Teacher, Mentor, Donor

As part of her leadership role in these companies and on corporate boards, Strom has encouraged giving to the community – financial as well as volunteering time – as a company priority. Indeed, she sees teaching and mentoring as part of her job description.

"In some ways," she says, "I'm still a college professor. I enjoy working with bright young people."

As a member of the Committee of 200 (C200) since 1985, Strom mentors a woman leading a bio-tech company. C200, founded in 1982, is a professional organization of preeminent women entrepreneurs and corporate leaders. Its nearly 500 members in more than 80 industries internationally own and run companies that earn at least $15 million in annual revenues or serve as CEOs or senior executives leading operating divisions with direct impact on annual revenues of $250 million or more.

Mentoring is just one of many ways the C200 offers its members to give back to entrepreneurship. In 1986, C200 launched its grant making arm, the C200 Foundation. Through the Foundation, Strom and many other contributors and corporate sponsors provide young women with tools they need to rise to the top as entrepreneurs and corporate leaders through scholarships, education, mentoring and business opportunities.

"One of my friends described C200 as the only place you could go where people check their guns at the door," says Strom. "It is a close-knit group of like-minded women who are unique and have formed lifelong friendships."

Strom says being honored in 2001 with C200's "Luminary Award for Technology Innovation" was one of the most meaningful awards she ever received because it was bestowed by her C200 peers.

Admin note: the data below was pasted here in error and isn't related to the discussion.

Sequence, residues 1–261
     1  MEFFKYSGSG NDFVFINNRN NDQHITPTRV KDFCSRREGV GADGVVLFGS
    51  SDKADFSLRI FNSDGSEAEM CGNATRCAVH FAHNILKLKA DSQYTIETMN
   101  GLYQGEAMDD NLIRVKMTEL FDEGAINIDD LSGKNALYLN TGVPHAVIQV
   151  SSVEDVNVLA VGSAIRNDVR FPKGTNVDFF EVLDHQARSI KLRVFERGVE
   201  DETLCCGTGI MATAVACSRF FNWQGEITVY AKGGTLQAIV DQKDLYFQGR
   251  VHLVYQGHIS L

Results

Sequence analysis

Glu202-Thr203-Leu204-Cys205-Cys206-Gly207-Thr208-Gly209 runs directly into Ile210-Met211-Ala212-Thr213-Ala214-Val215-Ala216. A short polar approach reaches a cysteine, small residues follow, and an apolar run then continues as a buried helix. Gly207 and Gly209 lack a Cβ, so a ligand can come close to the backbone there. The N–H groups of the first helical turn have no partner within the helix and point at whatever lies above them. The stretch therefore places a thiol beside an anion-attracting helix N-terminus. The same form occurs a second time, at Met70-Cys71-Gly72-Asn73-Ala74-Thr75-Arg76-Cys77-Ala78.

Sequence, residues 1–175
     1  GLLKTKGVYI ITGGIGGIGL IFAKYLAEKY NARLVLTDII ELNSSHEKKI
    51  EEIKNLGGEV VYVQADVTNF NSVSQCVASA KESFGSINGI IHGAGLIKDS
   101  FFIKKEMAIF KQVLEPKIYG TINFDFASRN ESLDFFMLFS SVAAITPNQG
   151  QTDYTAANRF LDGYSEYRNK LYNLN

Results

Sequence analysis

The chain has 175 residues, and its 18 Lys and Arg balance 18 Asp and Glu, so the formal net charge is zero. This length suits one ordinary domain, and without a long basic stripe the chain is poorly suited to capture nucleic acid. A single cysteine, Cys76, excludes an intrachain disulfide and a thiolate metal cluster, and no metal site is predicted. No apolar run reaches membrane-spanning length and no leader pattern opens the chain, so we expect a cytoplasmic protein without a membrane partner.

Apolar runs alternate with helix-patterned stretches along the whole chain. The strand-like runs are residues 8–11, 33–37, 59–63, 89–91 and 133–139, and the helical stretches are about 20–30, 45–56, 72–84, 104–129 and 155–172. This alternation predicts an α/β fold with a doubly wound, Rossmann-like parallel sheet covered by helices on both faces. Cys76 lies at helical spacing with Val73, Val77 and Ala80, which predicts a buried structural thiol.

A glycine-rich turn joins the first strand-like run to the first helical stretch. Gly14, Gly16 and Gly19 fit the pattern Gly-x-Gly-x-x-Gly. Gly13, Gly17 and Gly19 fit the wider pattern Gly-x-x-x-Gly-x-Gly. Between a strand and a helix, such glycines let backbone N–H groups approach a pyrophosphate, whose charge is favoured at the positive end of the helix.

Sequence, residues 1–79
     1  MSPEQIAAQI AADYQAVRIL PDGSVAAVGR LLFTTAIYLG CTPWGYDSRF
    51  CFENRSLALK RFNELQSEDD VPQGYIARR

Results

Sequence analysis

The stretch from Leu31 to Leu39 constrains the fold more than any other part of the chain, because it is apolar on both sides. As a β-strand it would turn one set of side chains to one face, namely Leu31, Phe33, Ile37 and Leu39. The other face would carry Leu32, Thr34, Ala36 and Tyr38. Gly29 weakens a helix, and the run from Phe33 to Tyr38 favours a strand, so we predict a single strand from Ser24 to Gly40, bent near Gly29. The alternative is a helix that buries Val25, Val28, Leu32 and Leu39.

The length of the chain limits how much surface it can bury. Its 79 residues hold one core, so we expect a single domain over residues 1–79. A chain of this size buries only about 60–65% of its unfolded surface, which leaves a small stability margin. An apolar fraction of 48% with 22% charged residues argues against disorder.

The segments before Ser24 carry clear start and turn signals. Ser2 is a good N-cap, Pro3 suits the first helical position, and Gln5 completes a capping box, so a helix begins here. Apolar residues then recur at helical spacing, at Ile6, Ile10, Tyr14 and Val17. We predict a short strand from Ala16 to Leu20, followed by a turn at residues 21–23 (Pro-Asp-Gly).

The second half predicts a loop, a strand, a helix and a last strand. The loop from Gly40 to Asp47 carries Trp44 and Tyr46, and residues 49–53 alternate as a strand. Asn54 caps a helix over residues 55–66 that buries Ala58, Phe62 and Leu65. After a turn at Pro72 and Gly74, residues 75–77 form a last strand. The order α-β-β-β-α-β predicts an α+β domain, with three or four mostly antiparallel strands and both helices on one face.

Backwards in High Heels

Strom helped found and serves on the faculty of the Center for Executive Women at the J.L. Kellogg Graduate School of Management at Northwestern University and sits on the school’s board of advisors. She is also a member of the Women's Leadership Board of the Harvard University Kennedy School of Government, dedicated to advancing women globally through leadership, advocacy and dialogue on public policy, and the International Women's Forum, a global organization of high-achieving women who share knowledge, exert influence and help prepare future generations of women leaders.

"I think it’s important to give back to entrepreneurship," says Strom, "because it's critical to the general health of our country. To our democracy, our government, our economy and our children. Profit is not a four-letter word. You have to do well to do good, and the better you do, the more good you can do."

And Strom finds more to do all the time. This year, she served as a national judge for the Ernst & Young Entrepreneur of the Year Awards after three years judging on the regional level in Seattle. "I got to know companies I didn’t know existed in my own area," she says.

Strom also invests and sits on the advisory boards of several venture funds and angel groups, her philosophy being, "If you believe in entrepreneurship, you should put your money where your mouth is and help entrepreneurs any way you can."

She is a current or former corporate partner of Benchmark Electronics, Hughes Electronics (DirecTV), the Polaroid Corporation, Software Publishing Corporation, and others.

A wife and mother who penetrated the glass ceiling to be named one of the "Leading Women Entrepreneurs of the World" by Star Group in 2000 and to receive the Technology Award from IBM, Strom is often asked by younger women how she managed to do it all.

So she tells them about the Ginger Rogers Principle.

"Ginger Rogers did everything Fred Astaire did, except she did it backwards in high heels," to which she adds, "It also helps to pick the right partner and get the best child care you can."

© 2006 Ewing Marion Kauffman Foundation. All rights reserved.